Students have their first immersion (pharmacy rotation) the summer after their PY1 year. They are placed in either a hospital (health system) or community pharmacy. For more information about our curriculum, click here.
Name: Kristina Murphy
Year: PY2 (Class of 2019)
Rotation: Health System
Where was your immersion located?
UNC Chapel Hill Hospital
How did you prepare for your immersion experience?
Before immersion, I did some basic research on the services my preceptors covered to become familiar with some of the disease states and drugs I would be seeing throughout the months. Additionally, I communicated with my preceptor prior to my start date to introduce myself and find out a little more about what to expect. Especially during your first immersion, it can be difficult to prepare as it is something you have never experienced before, but if I could give one piece of advice, it would be to trust yourself and the knowledge you have gained throughout your first year. It can be overwhelming at times, but you’ll start picking up on things you saw in class and relate it to real life practice.
What was a typical day like?
For the first month of my rotation, I was located in the Cancer Hospital Infusion Pharmacy also known as CHIP for my distribution/dispensing portion of immersion. I received the opportunity to learn about the verifying and dispensing process from technicians, residents, and pharmacists. Each day I was with a different employee and received the opportunity to see the entire process from various points of view. For my second month, I was part of surgical oncology, ENT, and orthopedic teams located in the Neuroscience wing at UNC. The beginning of my day consisted on reading up on the newly admitted patients from the night before that needed to be seen. After getting background information, I visited each patient and spoke them about their medications used at home prior to admission. I would then update their medical chart, assess the case and develop a plan. Towards the end of the day, I would meet with my preceptor to update them on any important details I found out from the interview and discuss how I thought we should proceed moving forward. It did require waking up early and staying long hours, but in the end my first immersion was very rewarding.
What did you like about your rotation?
I loved my rotation both in the CHIP and on an actual inpatient service! The dynamic nature of the teams I got to work with were incredible. One of my favorite parts of my clinical month was getting to attend rounds with physicians, nurses, social workers, pharmacists, and nutritional specialists. All patients on our service were presented every morning and the team worked together to update everyone on the status of the patient and address any new issues from the previous day while proposing solutions to improve their care. I learned a lot from my preceptors throughout my immersion and am still realizing how much exposure I received when topics I covered are brought up in class. I also enjoyed getting to know the pharmacists I interacted with and learn more about their career journeys. In the CHIP, I had the opportunity to learn from the night shift pharmacists who really took the time to teach and explain clinical details in oncology and even got to verify some orders (under their watchful eye of course). I really felt I could envision my future as a pharmacist and everything I had learn came to life for me.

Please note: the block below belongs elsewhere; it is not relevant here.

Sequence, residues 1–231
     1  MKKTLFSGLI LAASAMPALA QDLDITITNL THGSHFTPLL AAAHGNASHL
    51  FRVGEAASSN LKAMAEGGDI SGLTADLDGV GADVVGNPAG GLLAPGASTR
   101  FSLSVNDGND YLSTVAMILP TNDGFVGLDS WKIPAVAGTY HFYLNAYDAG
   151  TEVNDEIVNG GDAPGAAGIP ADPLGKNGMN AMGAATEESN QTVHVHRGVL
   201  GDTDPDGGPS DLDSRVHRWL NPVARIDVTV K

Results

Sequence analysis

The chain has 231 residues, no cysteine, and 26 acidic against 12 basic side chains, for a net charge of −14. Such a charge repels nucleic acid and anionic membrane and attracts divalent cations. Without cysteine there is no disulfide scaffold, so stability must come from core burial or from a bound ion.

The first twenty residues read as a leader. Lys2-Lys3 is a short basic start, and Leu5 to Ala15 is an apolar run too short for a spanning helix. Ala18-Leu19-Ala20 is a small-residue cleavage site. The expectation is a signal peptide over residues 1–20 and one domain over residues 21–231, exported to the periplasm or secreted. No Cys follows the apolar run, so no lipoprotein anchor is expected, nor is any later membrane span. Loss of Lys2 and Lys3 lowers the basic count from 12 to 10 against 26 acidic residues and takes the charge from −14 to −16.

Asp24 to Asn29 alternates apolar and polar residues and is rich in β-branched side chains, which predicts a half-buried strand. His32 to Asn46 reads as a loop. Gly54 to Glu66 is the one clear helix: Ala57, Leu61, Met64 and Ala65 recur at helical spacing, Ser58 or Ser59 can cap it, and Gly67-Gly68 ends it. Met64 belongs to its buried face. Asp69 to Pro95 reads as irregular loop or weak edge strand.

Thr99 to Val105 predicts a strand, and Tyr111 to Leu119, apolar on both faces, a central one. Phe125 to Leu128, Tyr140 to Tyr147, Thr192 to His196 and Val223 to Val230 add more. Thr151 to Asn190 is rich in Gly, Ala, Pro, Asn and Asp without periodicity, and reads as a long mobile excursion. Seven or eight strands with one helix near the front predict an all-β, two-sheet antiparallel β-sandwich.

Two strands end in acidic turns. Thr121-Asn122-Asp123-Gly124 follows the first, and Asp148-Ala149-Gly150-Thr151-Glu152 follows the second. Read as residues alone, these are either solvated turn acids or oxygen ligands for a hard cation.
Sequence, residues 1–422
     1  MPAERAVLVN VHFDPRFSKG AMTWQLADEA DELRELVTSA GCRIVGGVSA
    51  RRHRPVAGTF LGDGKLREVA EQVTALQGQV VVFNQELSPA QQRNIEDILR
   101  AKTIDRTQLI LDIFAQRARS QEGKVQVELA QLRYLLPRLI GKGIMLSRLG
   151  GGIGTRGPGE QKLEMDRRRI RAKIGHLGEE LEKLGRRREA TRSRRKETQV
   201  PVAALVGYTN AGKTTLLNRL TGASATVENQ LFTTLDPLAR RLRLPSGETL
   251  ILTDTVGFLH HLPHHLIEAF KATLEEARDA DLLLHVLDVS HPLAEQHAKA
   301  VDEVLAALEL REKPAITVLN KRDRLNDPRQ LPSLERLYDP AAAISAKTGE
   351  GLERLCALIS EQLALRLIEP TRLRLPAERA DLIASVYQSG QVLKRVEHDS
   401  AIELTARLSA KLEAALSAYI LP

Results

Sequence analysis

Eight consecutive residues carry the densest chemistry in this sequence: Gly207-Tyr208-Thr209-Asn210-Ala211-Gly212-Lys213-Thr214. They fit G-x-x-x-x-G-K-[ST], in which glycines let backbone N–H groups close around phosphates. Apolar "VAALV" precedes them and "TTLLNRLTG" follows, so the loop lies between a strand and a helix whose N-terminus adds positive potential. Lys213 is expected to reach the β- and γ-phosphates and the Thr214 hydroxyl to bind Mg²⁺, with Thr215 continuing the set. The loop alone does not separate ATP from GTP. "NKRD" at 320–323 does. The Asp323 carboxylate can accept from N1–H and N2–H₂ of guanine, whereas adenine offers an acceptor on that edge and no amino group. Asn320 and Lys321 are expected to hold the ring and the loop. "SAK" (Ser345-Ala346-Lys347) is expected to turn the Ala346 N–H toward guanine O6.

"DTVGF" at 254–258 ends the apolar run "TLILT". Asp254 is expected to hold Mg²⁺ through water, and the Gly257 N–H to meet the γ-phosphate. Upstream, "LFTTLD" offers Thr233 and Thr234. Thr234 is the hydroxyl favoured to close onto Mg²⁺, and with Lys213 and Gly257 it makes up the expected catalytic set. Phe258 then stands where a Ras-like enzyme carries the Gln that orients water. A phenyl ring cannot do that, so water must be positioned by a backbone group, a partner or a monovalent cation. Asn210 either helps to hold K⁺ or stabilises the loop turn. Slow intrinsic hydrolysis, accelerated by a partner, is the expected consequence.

What part of your immersion was most surprising and/or interesting to you?
I was really excited and surprised by the diverse population of patients I interacted with during my immersion. My experiences ranged from speaking to teenagers to a much older population with various backgrounds, cultures and medical issues.
What was the most challenging part of your rotation?
I think the most challenging part was learning what I could contribute and what role I could play as a first year student; specifically, when I could jump in and help staff and when I was not able during my first month. In the CHIP, hazardous drugs including chemotherapies were produced, however, as students we were not allowed to physically make these drugs making it difficult at times to sit back and watch.